Deconstructing Public Relations

17 Jun


Originally posted at my blog spin.off , while working on the book.


In his book Deconstructing Public Relations, Thomas Mickey  emphasizes the need for a critical look at what we assume to be accepted and unquestioned ways of functioning of PR in the society. He proposes cultural studies as an approach to critical theory for PR.

I have read this book to see if deconstruction as a method could be of any use for my research. Although I agree that critical theory on PR needs to be confrontational and eventually may help to raise social consciousness, I’m afraid that it is not enough to explore the practice of PR by deconstructing its public appearances only. Continue reading

Shifts in governance

17 Jun

Originally posted at my blog spin.off , while working on the book.

My research has a fair amount of overlap with the Dutch Shifts in Governance NWO research programme, as it is also dealing with the control mechanisms between governments, NGO’s and private actors in national and international settings.

Last month I wrote them a letter and asked them to consider to support the last year of my research, running from September 2006 to September 2007. In order to profile myself and my work I proposed some research questions that were not included in the NWO outline. You can read them in this posting. 

Unfortunally, the NWO contact person insisted their pot of gold was empty; if I’d have a Dutch supervisor I could give it another try elsewhere. Continue reading

The Voice of Business, Hill & Knowlton and Postwar Public Relations

15 Jun

Originally posted at my blog spin.off , while working on the book.

The Voice of Business makes good reading, it’s a well written history of the first and one of the most important PR consultancy firms in the United States. Originally a dissertation (in Journalism and Mass Communication at the University of Georgia, if I understood the acknowledments correctly) it is a well of sources and insights, leaning on scrutinous research. The book could be read as a biography of John W. Hill, the founder of the company, as well, the influence of his thinking, his ideology – and what happened when his successors decided to make, or were forced to make strategic choices away from the company’s ideology.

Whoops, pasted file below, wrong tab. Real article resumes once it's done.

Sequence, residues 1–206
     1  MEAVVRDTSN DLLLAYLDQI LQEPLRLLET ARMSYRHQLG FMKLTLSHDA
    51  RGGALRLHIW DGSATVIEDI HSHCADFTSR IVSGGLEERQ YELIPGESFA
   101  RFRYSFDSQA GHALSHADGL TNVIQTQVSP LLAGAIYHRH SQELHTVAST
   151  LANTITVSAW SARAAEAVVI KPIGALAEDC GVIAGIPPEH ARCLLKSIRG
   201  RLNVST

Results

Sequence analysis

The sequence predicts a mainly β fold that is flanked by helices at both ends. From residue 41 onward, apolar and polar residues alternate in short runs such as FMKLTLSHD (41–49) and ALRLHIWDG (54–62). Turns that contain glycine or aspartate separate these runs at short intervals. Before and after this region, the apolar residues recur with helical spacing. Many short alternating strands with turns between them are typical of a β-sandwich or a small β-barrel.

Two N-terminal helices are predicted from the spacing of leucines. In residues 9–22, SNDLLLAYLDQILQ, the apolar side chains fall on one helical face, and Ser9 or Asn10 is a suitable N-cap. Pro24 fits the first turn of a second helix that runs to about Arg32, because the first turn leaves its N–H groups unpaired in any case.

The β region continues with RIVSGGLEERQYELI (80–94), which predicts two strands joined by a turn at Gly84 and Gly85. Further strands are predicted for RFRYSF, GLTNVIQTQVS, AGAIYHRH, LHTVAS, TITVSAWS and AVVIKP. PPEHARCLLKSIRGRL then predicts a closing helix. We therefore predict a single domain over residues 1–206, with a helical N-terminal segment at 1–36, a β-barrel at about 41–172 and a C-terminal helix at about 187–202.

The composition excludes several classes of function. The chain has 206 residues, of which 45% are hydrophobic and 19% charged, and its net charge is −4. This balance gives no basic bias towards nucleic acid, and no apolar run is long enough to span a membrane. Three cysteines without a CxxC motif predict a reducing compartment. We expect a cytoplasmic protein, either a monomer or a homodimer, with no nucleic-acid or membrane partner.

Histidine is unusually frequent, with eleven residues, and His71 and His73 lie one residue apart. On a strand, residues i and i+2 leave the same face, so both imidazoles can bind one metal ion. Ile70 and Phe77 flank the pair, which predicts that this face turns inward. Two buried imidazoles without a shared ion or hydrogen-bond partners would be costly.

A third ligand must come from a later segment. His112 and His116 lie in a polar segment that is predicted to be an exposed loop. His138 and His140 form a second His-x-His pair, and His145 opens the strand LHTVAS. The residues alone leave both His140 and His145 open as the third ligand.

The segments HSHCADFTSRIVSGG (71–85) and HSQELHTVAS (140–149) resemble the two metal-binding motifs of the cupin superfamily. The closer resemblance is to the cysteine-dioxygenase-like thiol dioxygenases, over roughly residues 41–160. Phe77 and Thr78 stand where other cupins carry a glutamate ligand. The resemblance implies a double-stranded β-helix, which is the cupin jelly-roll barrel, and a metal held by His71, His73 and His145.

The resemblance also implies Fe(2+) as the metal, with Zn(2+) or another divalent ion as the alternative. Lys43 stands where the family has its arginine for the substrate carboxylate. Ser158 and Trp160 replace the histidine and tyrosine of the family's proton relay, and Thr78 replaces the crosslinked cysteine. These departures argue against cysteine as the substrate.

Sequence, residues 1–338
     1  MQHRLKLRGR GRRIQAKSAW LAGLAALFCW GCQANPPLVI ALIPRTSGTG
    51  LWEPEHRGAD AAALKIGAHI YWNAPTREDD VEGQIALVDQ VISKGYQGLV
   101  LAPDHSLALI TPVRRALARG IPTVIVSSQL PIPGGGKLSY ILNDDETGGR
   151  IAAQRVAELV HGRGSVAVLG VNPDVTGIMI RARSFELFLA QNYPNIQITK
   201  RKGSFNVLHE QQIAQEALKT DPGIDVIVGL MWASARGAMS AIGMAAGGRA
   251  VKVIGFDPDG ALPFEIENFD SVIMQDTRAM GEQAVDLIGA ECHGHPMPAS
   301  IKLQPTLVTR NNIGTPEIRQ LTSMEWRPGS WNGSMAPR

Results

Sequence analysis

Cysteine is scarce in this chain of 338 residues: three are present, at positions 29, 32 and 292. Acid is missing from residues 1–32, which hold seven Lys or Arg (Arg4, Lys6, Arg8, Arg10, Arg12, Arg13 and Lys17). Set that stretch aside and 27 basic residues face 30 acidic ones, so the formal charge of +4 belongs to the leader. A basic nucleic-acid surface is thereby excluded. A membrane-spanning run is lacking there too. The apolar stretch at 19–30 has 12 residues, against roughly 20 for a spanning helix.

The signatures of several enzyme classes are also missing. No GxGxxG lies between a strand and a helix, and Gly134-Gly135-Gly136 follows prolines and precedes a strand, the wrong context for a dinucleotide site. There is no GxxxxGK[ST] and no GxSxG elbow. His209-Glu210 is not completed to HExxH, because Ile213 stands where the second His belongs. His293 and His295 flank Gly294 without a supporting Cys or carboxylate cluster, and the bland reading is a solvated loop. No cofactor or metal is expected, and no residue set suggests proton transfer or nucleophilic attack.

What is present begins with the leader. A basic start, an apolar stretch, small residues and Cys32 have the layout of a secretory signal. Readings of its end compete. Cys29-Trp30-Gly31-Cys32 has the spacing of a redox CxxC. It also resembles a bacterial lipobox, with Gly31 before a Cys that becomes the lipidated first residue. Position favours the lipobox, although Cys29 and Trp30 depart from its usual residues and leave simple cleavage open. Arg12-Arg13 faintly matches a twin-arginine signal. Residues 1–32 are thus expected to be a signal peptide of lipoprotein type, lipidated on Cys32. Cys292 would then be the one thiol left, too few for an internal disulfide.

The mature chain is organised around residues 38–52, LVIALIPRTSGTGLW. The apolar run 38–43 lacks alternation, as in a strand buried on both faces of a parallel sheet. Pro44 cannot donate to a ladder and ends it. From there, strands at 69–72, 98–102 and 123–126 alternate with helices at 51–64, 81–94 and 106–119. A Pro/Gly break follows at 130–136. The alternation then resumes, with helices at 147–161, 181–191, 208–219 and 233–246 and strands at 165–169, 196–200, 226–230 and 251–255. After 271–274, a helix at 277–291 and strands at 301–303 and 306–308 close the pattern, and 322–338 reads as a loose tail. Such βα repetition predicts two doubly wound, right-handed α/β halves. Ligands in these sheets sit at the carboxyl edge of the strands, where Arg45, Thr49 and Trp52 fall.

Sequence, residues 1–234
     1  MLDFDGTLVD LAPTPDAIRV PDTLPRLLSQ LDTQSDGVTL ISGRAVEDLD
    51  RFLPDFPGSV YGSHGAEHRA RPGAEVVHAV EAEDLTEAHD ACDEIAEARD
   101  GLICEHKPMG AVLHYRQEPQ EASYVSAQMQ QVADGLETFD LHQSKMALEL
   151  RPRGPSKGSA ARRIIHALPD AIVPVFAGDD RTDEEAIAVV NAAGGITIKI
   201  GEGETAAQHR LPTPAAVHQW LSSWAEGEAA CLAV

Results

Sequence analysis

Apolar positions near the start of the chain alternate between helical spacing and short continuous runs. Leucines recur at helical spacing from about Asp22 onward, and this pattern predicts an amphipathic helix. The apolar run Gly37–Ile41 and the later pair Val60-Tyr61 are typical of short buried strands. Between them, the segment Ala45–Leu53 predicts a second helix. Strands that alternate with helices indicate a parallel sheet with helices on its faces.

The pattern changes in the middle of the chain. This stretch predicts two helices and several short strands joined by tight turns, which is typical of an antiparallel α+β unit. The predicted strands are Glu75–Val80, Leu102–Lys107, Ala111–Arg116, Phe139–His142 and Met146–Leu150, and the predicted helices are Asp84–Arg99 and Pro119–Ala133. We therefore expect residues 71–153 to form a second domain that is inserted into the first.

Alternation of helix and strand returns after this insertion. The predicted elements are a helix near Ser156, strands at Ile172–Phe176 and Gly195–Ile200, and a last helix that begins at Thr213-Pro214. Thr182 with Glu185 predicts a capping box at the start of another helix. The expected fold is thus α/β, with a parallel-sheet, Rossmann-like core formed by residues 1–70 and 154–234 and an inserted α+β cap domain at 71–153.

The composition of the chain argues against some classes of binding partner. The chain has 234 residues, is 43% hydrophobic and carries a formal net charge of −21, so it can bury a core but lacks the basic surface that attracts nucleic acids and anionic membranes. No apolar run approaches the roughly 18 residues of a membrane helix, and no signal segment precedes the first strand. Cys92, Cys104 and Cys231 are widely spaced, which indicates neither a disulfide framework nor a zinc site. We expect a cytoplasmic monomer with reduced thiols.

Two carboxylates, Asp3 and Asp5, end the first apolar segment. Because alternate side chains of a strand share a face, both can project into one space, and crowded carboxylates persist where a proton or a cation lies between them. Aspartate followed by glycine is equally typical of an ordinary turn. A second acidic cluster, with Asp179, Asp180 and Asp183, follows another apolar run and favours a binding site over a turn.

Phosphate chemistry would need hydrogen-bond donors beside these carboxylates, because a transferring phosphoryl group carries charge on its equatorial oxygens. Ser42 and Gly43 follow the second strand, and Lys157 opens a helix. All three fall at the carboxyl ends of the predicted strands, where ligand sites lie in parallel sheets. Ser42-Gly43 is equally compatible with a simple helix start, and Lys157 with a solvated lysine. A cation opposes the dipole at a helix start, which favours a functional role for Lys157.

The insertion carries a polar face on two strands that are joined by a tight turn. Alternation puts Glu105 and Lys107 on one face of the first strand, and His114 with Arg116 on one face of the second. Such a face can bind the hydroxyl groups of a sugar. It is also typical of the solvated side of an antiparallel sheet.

Much has already been written about Hill & Knowlton’s involvement in the tobacco controversies in the fifties, their work for Philip Morris and their involvement in the foundation of the Council for Tobacco Research. See for instance Source Watch.

However, I collected some inspirational details for you below. The other case study that I found very fascinating was H&K involvement in the steel strikes in the Depression years in the United States. Right from the start, H&K was involved in antiunionism, strike breaking, and associated with front organisations and armed private police. Continue reading

Campaign idea: Publish your PR

17 May


Originally posted at my blog spin.off , while working on the book.


Lingering in the back of my head is this campaign idea along the line of the Publish What you Pay initiative:

Publish your PR, (not the best name because of the restricted meaning or connotation of the term PR, but anyway.) Maybe better call it  ‘Open your agenda’ or ‘File your agenda’ or whatever.

The idea would be to set up a campaign that forces companies to publish who they hire, and what for – and vice versa force PR companies and consultancy firms to publish their client lists, including what they were hired for.

Meanwhile Publish what you Pay has started this extentive research, called ’Measuring transparency (of companies) in the Extractive Industry’. I’ve included the research outline in this posting.

I would like to investigate the possibilites of joining this campaign, this research, or hooking up with our own and propose an extention of the Publish What You Pay campaign, with any given coalition of groups, now or later. Continue reading